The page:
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1-046 (Original)

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author,female,Macarthur, Elizabeth,26 addressee,female
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Private Written
Private Correspondence
Webby, 1989
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Elizabeth Farm, Parramatta
1st Sept., 1795
Once again, my much loved friend, it is permitted me to sit down under a conviction that the letter I am about to write will be received by you with pleasure. By the capture of a ship off the coast of Brazil we were left without any direct intelligence from Europe for twelve months. We firmly believed that a Revolution or some national calamity had befallen Great Britain, and we should be left altogether to ourselves, until things at home had resumed some degree of order, and the tempest a little subsidised. These fears, however, have by a late arrival proved without foundation.
This country possesses numerous advantages to persons holding appointments under Government. It seems the only part of the Globe where quiet is to be expected. We enjoy here one of the finest climates in the World. The necessaries of life are abundant, and a fruitful soil affords us many luxuries. Nothing induces me to wish for a change but the difficulty of educating our children, and were it otherwise, it would be unjust towards them to confine them to so narrow a society. My desire is that they should see a little more of the world, and better learn to appreciate this retirement. Such as it is the little creatures all speak of going home to England with rapture. My dear Edward almost quitted me without a tear. They have early imbibed an idea that England is the seat of happiness and delight; that it contains all that can be gratifying to their senses, and that of course they are there to possess all they desire. [96] It would be difficult to undeceive young people bred up in so secluded a situation, if they had not an opportunity given them of convincing themselves. But hereafter I shall much wonder if some of them make not this place the object of their choice. By the date of this letter you will see that we still reside on our farm at Parramatta, a native name signifying the head of a river, which it is. The town extends one mile in length from the landing-place, and is terminated by the Government House, which is built on an eminence, named Rose Hill. Our farm, which contains from 400 to 500 acres, is bounded on three sides by water. This is particularly convenient. We have at this time about 120 acres in wheat, all in a promising state. Our gardens, with fruit and vegetables, are extensive and produce abundantly.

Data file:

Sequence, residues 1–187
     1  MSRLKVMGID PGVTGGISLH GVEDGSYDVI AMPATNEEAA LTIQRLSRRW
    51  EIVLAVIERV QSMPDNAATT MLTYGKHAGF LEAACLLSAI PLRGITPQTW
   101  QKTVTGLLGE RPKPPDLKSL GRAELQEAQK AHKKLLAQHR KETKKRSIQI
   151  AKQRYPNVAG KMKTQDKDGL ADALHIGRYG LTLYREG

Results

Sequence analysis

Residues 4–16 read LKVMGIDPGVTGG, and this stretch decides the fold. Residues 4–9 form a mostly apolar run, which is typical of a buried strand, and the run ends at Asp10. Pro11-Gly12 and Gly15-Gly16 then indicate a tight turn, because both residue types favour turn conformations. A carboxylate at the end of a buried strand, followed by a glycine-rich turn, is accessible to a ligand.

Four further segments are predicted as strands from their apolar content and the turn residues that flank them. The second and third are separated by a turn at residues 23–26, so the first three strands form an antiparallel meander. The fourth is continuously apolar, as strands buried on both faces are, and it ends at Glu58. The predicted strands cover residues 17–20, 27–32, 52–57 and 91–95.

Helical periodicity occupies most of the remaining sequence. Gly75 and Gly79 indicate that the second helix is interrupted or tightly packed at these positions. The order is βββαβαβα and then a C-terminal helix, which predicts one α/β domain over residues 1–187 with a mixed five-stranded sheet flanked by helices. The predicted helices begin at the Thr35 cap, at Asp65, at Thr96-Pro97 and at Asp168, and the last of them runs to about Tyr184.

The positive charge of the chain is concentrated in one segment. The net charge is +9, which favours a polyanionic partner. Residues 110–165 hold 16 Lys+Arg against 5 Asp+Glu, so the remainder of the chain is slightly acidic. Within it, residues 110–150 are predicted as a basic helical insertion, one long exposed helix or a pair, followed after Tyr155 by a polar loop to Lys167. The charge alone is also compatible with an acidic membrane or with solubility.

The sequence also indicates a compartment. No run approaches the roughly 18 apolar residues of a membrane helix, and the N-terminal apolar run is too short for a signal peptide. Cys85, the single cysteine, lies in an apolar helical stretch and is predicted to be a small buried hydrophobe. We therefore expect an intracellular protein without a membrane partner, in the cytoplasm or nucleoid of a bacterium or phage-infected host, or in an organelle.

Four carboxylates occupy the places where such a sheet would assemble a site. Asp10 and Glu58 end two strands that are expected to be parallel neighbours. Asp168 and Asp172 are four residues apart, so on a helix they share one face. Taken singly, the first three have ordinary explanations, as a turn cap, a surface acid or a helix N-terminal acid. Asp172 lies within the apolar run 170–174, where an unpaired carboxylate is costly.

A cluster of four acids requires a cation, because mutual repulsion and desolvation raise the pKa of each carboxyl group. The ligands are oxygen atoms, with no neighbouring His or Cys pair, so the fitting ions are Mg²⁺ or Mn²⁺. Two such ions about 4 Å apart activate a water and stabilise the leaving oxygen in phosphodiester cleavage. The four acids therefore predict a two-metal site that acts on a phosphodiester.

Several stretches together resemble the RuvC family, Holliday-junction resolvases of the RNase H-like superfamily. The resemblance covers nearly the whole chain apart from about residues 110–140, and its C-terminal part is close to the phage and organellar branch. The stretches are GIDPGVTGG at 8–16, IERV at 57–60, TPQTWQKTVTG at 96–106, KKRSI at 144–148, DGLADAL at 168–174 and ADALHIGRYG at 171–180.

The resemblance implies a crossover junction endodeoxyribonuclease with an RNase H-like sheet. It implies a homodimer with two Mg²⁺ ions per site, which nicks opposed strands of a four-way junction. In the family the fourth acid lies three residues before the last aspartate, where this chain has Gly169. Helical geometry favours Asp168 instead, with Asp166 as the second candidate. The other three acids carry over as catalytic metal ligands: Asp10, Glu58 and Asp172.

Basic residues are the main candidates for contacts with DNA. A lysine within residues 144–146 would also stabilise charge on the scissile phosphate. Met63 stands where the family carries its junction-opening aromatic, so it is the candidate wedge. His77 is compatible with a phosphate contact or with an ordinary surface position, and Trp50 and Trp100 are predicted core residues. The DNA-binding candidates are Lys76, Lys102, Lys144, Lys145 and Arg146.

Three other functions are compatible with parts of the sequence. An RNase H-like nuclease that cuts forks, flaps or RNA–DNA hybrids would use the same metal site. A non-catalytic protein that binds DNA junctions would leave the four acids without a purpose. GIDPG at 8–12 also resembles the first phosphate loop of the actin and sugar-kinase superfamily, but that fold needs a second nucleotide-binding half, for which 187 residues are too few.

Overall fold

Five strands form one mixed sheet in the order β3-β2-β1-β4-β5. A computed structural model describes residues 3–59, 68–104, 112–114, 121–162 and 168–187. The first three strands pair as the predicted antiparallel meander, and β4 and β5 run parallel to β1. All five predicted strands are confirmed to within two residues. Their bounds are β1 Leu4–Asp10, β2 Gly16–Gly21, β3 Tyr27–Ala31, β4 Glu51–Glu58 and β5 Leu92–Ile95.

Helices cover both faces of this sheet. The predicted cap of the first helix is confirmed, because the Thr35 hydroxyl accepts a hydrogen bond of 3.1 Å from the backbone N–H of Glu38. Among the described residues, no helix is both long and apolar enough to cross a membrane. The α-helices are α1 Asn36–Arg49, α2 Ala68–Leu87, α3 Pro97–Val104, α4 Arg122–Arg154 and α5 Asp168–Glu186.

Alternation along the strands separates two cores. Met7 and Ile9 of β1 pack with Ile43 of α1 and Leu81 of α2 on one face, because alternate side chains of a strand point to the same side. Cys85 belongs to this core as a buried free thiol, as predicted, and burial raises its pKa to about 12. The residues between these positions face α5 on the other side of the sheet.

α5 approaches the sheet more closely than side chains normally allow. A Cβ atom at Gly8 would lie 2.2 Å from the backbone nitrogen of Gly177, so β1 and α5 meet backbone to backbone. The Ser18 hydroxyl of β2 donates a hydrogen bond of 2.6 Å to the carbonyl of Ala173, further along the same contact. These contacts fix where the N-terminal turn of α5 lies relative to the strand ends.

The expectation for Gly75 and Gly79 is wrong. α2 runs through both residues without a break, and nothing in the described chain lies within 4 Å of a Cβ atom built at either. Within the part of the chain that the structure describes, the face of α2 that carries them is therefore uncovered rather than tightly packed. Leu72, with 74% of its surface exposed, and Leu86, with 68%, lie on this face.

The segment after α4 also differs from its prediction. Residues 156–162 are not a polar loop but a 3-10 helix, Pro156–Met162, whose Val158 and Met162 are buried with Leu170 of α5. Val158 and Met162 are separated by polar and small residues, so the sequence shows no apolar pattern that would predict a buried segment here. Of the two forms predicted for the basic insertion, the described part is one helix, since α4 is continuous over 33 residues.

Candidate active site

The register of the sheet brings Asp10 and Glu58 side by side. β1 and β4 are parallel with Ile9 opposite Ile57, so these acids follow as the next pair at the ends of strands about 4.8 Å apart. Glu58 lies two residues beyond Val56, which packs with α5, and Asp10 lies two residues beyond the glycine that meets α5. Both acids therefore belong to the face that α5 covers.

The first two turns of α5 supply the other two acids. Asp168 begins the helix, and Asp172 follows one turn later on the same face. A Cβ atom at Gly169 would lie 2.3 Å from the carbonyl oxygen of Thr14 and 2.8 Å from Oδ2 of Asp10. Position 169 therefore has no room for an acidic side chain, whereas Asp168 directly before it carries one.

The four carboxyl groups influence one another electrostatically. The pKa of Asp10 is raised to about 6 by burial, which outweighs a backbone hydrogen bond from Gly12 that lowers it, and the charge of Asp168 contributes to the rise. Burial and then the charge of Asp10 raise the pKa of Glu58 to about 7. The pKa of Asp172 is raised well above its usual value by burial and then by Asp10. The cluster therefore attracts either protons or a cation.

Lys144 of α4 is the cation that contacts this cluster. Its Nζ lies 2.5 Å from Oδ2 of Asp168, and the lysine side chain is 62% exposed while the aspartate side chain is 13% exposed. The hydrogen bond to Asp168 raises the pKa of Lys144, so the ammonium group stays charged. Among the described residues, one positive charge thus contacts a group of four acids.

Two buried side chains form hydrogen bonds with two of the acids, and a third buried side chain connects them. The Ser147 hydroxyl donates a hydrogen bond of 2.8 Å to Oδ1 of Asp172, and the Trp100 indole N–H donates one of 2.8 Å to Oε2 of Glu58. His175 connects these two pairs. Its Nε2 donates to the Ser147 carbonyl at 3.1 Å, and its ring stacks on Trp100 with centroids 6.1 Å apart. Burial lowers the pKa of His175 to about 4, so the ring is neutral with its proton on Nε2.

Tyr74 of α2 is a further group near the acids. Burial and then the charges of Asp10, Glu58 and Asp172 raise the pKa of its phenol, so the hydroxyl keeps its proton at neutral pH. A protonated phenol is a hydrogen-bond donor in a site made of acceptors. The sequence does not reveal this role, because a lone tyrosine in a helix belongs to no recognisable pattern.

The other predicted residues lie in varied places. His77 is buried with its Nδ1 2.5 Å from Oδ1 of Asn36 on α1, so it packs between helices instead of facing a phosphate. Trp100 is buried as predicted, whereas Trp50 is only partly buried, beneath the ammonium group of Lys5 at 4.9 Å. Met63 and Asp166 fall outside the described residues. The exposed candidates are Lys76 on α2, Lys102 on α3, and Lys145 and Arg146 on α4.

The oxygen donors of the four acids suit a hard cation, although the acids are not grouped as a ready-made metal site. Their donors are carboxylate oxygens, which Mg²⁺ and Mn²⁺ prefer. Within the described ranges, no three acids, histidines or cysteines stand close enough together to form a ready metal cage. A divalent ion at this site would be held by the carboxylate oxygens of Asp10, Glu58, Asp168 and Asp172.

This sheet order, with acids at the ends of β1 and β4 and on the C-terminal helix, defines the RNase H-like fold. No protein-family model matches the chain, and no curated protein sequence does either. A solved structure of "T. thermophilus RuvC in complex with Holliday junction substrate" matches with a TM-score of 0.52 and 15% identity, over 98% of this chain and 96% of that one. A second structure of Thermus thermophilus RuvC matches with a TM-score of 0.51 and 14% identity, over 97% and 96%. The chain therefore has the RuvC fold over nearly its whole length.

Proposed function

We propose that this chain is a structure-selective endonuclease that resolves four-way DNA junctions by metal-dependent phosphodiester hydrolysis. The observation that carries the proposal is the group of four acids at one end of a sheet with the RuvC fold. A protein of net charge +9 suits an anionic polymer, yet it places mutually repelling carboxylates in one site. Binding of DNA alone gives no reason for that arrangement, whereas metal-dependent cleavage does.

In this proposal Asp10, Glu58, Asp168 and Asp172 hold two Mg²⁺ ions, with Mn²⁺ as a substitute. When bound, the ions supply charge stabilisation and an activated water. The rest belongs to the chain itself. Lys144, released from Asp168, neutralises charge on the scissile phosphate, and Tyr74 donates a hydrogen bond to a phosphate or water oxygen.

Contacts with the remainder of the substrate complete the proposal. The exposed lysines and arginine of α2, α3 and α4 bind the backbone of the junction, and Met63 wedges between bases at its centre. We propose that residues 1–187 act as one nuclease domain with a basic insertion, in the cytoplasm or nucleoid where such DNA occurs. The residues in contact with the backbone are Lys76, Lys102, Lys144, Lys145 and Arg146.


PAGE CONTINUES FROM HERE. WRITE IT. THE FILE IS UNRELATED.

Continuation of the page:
It is now spring, and the eye is delighted with the most beautiful variegated landscape. Almonds, apricots, pear and apple trees are in full bloom. The native shrubs are also in flower and the whole country gives a grateful perfume. There is a very good carriage road now made from hence to Sydney, which by land is distant about 14 miles, and another from this to the river Hawkesbury, which is about 20 miles from hence in a direct line across the country. Parramatta is a central position between both. I have once visited the Hawkesbury, and made the journey on horseback. The road is through an uninterrupted wood, with the exception of the village of Toongabie, a farm of Government, and one or two others, which we distinguish by the name of Greenlands, on account of the fine grass, and there being few trees compared with the other parts of the country, which is occasionally brushy, and more or less covered with underwood.